The global body for professional accountants

This month’s stories include an attack on audits of public companies by the IFIAR, the jailing of a former KPMG partner and the downgrading of Russia’s sovereign debt rating

Audit under fire

Audits of public companies suffer from ‘persistent deficiencies’, warns the International Forum of Independent Audit Regulators (IFIAR). ‘The high rate and severity of inspection deficiencies in critical aspects of the audit, and at some of the world’s largest and systemically important financial institutions, is a wake-up call to firms and regulators alike,’ said Lewis H Ferguson, chair of IFIAR. ‘More must be done to improve the reliability of audit work performed globally on behalf of investors.’ IFIAR’s criticisms came as it published its 2013 Inspection Findings Survey of audit reviews submitted by 30 national audit inspection bodies.

Sharing expertise

ACCA is taking part in a new programme that will help transform accounting standards and develop professional institutes in Africa and Asia. The Investment Facility for Utilising Specialist Expertise (IFUSE), run by the UK government’s Department for International Development, will see staff from UK chartered accountancy institutes working in countries including Ethiopia, Zambia, India and Vietnam to improve their financial management and investment climates by sharing British expertise and international best practice. ‘By helping developing countries to manage their own resources better and attract investment, we can create the jobs and growth needed to lift people out of poverty,’ said international development secretary Justine Greening.

ACCA is part of the first deployment, training the Ethiopian Ministry of Education in accountancy practice. ‘ACCA is excited by the opportunity to work in partnership with the Ethiopian Ministry of Education through the IFUSE initiative,’ said ACCA chief executive Helen Brand. ‘We will not only be helping Ethiopian organisations to comply with global financial reporting and auditing standards, which we believe will encourage greater trade and investment opportunities, but will also be working with lecturers to ensure there are future generations of qualified finance professionals.’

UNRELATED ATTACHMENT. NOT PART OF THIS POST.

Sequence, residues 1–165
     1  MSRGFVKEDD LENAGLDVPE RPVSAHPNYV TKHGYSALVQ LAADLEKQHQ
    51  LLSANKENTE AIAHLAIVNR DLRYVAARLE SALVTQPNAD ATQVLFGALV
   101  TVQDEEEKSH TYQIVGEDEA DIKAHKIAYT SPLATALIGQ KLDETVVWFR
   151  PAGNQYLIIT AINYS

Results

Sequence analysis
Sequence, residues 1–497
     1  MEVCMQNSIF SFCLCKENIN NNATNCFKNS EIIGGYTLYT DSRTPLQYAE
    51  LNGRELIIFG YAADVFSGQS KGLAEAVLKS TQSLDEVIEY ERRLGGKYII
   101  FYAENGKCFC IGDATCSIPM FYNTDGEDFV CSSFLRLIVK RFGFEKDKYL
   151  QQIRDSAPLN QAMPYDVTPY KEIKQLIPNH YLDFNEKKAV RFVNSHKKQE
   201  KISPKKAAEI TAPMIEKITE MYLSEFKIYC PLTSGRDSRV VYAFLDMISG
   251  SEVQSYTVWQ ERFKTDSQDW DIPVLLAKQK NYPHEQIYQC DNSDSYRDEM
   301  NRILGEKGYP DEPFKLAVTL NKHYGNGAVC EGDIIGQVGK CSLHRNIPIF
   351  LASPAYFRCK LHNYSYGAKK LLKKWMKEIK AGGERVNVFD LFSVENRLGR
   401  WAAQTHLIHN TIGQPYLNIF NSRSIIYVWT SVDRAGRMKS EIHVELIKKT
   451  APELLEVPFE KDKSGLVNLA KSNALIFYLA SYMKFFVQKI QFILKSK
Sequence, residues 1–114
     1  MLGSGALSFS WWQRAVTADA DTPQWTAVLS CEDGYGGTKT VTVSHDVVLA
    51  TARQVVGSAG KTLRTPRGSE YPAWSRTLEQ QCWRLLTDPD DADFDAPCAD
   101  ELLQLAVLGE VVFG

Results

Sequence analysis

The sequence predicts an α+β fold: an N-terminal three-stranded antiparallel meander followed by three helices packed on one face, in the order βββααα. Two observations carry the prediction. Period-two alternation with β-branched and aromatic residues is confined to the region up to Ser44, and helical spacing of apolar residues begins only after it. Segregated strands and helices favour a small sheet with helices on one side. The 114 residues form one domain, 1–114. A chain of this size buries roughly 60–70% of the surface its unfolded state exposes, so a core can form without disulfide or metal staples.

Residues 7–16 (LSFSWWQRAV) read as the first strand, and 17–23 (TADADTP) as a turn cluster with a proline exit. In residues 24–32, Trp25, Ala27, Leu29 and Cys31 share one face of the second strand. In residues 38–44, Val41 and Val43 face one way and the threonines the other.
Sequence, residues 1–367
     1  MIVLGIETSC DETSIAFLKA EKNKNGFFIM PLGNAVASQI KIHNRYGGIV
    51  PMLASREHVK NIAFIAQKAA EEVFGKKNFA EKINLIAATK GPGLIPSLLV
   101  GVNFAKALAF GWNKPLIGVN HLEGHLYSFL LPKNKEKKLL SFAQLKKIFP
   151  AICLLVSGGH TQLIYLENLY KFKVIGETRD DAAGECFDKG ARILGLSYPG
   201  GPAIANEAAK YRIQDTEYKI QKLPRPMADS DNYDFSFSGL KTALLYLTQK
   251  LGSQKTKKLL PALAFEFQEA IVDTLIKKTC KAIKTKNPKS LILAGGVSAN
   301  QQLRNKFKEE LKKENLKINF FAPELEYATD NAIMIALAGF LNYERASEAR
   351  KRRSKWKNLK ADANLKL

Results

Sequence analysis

KPMG partner jailed

Former KPMG partner Scott London has been jailed for 14 months after admitting assisting insider trading. London leaked confidential information about audit clients in return for cash and jewellery. The tip-offs were made on at least 14 occasions and enabled a friend to make US$1.27m from stock trading. London was in charge of KPMG’s audit practice in the South West of the US. A KPMG spokesman said: ‘It was appropriate that London was held accountable for the consequences of his actions.’

Russia downgraded

Russia’s sovereign debt rating has been cut by S&P to the lowest investment grade. The credit rating agency warned that further downgrades may follow if the Ukraine conflict leads to additional sanctions and Russia’s economic growth continues to slow. Russia was previously put on review for downgrade by Moody’s, while Fitch Ratings has placed Russia on negative outlook. Russian economy minister Alexei Ulyukayev said the latest downgrade would not affect investors.

Sanctions imposed

More financial sanctions have been imposed on members of Russia’s elite regarded as close to President Vladimir Putin. Igor Sechin, chief executive of state-run oil company Rosneft, has been placed on a ‘blacklist’ by the US government and the European Union. Rosneft, the world’s largest traded oil company, is not directly affected.There are now 48 oligarchs, officials and politicians blacklisted by the US or the EU in protest against Russian action in Ukraine.The sanctions restrict travel movement and freeze assets.